As things turned out, I became more fully integrated into an age group that was fast adopting video games as a lifestyle ”“ a lifestyle many of us continue to this day. (Though not me; I’m too busy writing screeds about flatulence.) What’s a little off-putting is that the generation below mine ”“ the so-called “Millennials” ”“ have taken preoccupation with screens to another dimension. Twenty years ago, if you wanted to guide Mario through a go-kart course littered with banana peels, you had to actually sit down in front of a wired television, turn on a machine, and play at a fixed location. But everything’s portable now. The lines have blurred. Gaming is no longer an activity for which you set aside a specific time; you do it on the subway, you do it in class, you do it at Denny’s to take your mind off the fact that you’re at Denny’s. The old gives way to the new, and those in the old-school lament the change, believing ”“ perhaps rightly, perhaps wrongly ”“ that their way was better. It’s the same ol’ song and dance, repeating endlessly through time.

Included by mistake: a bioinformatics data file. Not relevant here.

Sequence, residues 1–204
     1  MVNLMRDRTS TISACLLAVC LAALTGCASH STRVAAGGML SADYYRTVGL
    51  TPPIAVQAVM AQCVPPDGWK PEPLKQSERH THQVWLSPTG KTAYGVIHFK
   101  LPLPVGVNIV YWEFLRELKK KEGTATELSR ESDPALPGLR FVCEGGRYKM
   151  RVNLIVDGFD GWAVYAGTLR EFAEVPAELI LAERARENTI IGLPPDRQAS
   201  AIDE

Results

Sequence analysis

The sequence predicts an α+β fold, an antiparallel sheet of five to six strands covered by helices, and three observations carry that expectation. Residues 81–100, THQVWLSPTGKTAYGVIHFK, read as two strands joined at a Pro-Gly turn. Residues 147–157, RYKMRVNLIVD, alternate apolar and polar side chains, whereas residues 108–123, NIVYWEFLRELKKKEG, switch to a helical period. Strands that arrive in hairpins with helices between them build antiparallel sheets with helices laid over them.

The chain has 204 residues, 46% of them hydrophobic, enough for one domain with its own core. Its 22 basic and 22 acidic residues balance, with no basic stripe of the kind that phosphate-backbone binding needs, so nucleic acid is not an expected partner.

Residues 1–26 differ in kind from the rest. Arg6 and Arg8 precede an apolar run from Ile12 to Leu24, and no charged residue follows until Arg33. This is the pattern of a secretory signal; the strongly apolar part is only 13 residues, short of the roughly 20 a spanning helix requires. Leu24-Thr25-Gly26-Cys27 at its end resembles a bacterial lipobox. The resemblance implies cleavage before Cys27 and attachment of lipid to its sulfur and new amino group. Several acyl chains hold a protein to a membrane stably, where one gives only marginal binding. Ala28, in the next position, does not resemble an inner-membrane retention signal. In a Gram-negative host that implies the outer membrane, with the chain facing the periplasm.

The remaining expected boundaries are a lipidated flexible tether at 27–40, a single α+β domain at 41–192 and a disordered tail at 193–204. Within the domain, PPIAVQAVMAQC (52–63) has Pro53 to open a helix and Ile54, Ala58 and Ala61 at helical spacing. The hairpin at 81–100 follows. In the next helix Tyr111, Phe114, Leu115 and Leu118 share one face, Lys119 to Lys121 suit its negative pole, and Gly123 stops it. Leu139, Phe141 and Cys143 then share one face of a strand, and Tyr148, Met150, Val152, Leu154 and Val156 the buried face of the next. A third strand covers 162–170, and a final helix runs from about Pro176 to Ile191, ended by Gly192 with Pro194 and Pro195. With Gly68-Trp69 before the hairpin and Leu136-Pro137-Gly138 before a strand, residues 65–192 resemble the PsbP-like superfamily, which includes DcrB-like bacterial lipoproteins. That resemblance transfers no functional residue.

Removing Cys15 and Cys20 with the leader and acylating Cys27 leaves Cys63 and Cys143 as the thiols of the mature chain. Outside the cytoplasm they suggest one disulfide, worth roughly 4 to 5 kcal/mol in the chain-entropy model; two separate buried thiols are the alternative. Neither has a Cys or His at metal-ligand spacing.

Phones have replaced CDs as the music platform of choice. Tracklists are now playlists. And the hobbies that once defined my youth now place me firmly in a specific historical period ”“ the period of neon slap-bracelets and headbands, of waiting for a song to come on the radio so it can be recorded on a warbly cassette tape. Yeesh. Someone hand me a butter churn.